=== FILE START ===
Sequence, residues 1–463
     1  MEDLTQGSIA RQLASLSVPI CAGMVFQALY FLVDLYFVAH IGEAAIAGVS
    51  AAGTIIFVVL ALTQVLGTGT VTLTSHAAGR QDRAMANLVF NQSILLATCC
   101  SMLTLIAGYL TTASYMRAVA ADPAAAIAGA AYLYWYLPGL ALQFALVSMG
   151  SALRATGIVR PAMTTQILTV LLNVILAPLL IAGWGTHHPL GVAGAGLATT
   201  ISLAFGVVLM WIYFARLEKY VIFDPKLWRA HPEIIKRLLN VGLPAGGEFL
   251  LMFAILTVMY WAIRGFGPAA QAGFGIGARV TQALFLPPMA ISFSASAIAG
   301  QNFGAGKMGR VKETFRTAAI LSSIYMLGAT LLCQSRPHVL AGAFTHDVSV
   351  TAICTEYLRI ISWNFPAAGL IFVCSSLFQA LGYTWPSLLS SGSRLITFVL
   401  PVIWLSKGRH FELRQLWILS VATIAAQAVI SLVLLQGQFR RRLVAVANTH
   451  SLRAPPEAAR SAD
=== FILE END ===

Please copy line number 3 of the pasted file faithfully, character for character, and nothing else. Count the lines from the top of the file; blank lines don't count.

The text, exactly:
    51  AAGTIIFVVL ALTQVLGTGT VTLTSHAAGR QDRAMANLVF NQSILLATCC